On this date 10 years ago, the Utah County Sheriff’s Office reported that Sgt. Cory B. Wride had been shot and killed in the line of duty.

Wride had stopped to check on a pulled-over pickup truck on SR-73 between Eagle Mountain and Cedar Fort when he was shot by 27-year-old Jose Angel Garcia Jauregui. Wride eventually died from his injuries. Jauregui also died following a high-speed chase and shootout with law enforcement.

“He was my sergeant for two years,” said Garrett Dutson, Sheriff’s deputy for the Utah County Sheriff’s Office. “Myself and my partner, Max Morgan, were on duty with him that day.”

Dutson has been with the UCSO for 14 years, 10 of them with the Sheriff’s Office Eagle Mountain division. For two of those 10 years, Wride was Dutson’s sergeant.

Since his death, Wride has been hailed as a hero by the UCSO and many communities around the state, especially in Eagle Mountain.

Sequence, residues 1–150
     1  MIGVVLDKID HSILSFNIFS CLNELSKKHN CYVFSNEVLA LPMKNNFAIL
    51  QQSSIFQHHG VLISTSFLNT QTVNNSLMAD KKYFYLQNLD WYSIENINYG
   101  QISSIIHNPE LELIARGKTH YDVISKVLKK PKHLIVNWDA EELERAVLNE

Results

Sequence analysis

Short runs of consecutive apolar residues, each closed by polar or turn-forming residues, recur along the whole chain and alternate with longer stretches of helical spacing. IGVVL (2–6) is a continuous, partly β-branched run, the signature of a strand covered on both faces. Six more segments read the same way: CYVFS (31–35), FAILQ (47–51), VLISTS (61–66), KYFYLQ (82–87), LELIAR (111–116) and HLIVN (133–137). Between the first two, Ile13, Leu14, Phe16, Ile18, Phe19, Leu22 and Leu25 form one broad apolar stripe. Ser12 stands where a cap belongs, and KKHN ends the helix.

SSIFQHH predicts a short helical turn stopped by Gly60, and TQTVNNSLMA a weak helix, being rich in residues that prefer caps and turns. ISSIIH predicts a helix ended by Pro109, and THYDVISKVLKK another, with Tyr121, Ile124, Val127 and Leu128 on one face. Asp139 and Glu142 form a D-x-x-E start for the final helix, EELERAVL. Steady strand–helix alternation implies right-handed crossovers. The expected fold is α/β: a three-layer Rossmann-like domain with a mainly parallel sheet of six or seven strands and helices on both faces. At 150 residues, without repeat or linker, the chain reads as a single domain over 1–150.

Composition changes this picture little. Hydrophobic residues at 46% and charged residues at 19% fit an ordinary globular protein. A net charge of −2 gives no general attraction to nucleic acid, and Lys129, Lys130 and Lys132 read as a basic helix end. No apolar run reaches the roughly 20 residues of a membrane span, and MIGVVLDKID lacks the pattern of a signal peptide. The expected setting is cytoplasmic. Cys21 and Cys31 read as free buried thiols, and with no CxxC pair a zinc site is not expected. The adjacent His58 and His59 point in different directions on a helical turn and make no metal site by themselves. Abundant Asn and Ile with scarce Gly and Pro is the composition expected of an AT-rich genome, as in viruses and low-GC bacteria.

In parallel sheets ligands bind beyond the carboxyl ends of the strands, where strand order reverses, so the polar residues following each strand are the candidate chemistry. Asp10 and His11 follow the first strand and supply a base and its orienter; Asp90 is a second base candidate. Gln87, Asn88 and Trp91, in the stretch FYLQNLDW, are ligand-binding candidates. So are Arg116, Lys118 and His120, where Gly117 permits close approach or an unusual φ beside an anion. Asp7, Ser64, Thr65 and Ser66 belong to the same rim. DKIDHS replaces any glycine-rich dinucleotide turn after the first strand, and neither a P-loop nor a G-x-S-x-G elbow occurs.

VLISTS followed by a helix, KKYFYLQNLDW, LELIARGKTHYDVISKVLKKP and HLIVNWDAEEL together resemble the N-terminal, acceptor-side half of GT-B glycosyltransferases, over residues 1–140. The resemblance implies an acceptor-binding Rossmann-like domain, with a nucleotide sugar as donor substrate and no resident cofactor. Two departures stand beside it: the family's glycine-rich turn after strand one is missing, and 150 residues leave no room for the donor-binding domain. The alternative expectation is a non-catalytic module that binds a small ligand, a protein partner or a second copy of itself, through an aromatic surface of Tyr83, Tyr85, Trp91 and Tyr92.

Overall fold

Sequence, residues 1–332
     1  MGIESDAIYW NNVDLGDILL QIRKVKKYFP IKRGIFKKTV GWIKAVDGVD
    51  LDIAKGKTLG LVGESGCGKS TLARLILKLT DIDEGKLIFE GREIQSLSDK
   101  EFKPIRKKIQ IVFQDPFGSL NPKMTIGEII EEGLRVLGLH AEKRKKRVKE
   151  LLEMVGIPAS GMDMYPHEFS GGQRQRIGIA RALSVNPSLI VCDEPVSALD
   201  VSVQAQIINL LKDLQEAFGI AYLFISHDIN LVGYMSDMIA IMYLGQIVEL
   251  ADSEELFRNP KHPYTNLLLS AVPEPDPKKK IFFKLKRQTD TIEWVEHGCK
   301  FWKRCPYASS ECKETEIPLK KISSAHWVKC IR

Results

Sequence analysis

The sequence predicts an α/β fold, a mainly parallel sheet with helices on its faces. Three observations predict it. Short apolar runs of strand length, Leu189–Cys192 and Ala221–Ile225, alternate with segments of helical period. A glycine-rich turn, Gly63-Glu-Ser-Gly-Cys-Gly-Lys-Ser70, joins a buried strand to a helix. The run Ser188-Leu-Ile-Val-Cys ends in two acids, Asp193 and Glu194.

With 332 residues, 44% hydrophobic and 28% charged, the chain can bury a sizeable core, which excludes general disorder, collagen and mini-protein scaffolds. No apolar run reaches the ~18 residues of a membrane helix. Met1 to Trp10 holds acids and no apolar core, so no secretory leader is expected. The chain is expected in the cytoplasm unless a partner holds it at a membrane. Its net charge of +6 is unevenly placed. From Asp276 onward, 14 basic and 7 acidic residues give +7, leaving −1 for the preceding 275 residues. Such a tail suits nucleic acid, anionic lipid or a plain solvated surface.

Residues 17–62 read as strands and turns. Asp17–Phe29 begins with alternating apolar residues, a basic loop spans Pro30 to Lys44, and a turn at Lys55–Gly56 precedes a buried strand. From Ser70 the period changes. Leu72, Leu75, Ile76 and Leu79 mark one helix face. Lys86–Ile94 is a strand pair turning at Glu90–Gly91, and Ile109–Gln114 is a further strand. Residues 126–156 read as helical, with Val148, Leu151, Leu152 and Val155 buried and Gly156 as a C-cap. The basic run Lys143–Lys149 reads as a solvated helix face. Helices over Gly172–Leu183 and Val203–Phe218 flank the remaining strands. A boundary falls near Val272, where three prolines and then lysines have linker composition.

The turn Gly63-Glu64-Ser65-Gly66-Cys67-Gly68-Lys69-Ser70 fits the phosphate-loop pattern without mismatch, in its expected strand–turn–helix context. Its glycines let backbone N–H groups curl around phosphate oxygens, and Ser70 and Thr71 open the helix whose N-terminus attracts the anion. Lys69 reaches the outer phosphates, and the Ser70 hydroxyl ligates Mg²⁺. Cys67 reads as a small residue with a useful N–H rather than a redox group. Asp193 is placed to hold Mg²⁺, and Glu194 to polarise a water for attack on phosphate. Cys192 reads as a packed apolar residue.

Only a few months after his death, the state renamed SR-73, the road where he was killed in the line of duty, as Cory B. Wride Memorial Highway.

In 2018, Eagle Mountain City also opened Cory B. Wride Memorial Park, located near the Overland neighborhood.

Also along SR-73, near the location where Wride was killed, is the Cory B. Wride memorial, which proudly displays two American flags along with Wride’s name and badge number.

Each year on the anniversary of his death, the UCSO honors Wride with a moment of silence at the site of the memorial. Deputies not in attendance also participate via radio on the signal from dispatch.

“Sometimes, being out there, it seems like it just happened the other day,” says Dutson. “A lot of us that are in law enforcement, we do it for the purpose of protecting our communities and doing the right thing. And I know that’s what Cory’s big thing was, doing the right thing.”

Dutson, who helps organize the memorial each year on Jan. 30, is also responsible for the memorial case in honor of Wride that is displayed in the office of the Utah County Sheriff’s Office Eagle Mountain division at Eagle Mountain City Hall.

“His death reminds us of the importance of our job and taking pride in that job and doing what needs to be done to protect the awesome citizens that we serve,” says Dutson.